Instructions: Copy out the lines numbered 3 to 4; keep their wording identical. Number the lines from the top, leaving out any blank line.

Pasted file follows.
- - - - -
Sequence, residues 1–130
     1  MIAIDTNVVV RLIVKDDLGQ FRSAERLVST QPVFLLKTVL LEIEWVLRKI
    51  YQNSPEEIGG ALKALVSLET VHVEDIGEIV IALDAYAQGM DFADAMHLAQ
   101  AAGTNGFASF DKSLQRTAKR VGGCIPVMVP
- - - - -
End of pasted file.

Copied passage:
    51  YQNSPEEIGG ALKALVSLET VHVEDIGEIV IALDAYAQGM DFADAMHLAQ
   101  AAGTNGFASF DKSLQRTAKR VGGCIPVMVP